Two games later, more hamstring trouble. Another MRI scan, some more heart-to-hearts with wife Robyn and Accies manager Stuart Taylor, among others, and it was all over for David Cooper Templeton. What a cross that was to bear. Given this name by his father in tribute to the Rangers and Scotland winger, Templeton could easily have felt enervated by the comparison. Instead, he met it head on, even changing to become a winger at Hearts after making the breakthrough as a striker at Stenhousemuir under Des McKeown.
Dad Henry, a skilful player for Ayr United in the late 1980s, has since drifted from his son’s life while Templeton junior has recently become a father himself, following the birth of Rhen. There is no football-inspired middle name. There is no pressure on extending the Templeton footballing heritage. Indeed, being able to play with his son without feeling constant pain was a major reason why he decided to hang up his boots.
“If I did not have my son I would probably have stayed and tried to go down different avenues and see if there were other ways to sort it,” he says. Templeton revealed he was even considering stem cell treatment and could still go down that route.
Admiration for the winger increases given he made his way in a tough world while searching out his own mentors, among them the likes of McKeown, Jim Jefferies and Paulo Sergio, despite the latter leaving him out of the 2012 Scottish Cup final squad for the 5-1 win over Hibs. Templeton reckons he played his best football, including scoring a goal for the ages in an Edinburgh derby in 2010, under the supportive Jefferies.
Sidelined by a ruinous knee injury at Rangers, there were times when all he needed was an arm around his shoulder. Football can be brutal. When his contract with the Ibrox club ended, at the end of the 2015/16 season, he went to watch their Scottish Cup final defeat to Hibs and then … went home. There was no further contact.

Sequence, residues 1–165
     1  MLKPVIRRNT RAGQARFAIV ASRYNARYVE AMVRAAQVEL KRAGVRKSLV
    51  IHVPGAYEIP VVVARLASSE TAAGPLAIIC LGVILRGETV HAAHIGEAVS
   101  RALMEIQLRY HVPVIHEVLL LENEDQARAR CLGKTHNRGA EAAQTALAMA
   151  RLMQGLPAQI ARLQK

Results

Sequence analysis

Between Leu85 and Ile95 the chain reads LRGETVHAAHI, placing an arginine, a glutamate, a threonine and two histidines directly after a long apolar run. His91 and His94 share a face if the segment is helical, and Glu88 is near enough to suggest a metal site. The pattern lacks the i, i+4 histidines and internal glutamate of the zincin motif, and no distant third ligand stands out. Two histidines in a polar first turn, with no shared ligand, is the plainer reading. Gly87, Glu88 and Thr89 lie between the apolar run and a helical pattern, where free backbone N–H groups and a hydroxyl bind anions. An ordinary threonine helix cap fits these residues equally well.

He had missed almost the entire season after a perfectly fair block tackle from St Mirren’s Stuart Carswell damaged ligaments in his knee in Mark Warburton’s first league game in charge.
“At the end of that season, when my contract was up, I was still injured at the time and I had it in my head that I would just retire then,” he says. “Then I saw the surgeon and managed to sort it. If I had known about the injuries to come, maybe I would just have called it a day back then.”
That would have meant missing out on two spells at Hamilton Accies as well as a longed-for taste of English football with Burton Albion, where he played under Nigel Clough and reached the Carabao Cup semi-final.
It’s heartening to know he is not scunnered with football completely. He will continue watching as well as coaching the Under-14s at Accies. He is also in the process of establishing a soccer school with former Ibrox team-mate Kyle Hutton in areas of Glasgow not currently patrolled by former professional footballers offering such a service, which isn’t easy. “Charlie Miller is in Toryglen, for example. You don’t want to be stepping on someone’s toes!” he says.
As much as anything, he is simply looking forward to going to watch football for enjoyment – although he won’t be at today’s meeting between Hearts and Rangers, his two old sides. “I wouldn't want to pick an end to sit at,” he says. He has transferred his loyalties since growing up a Celtic supporter.
“Obviously there are people who are massive fans who play football and yet who would say I will never sign for such and such… for me, now, I am a Rangers fan, I am a Hearts fan, I am a Hamilton fan …
“I support whoever I played for. If Celtic and Rangers play in the Old Firm, I want Rangers to win. You support who you played for.”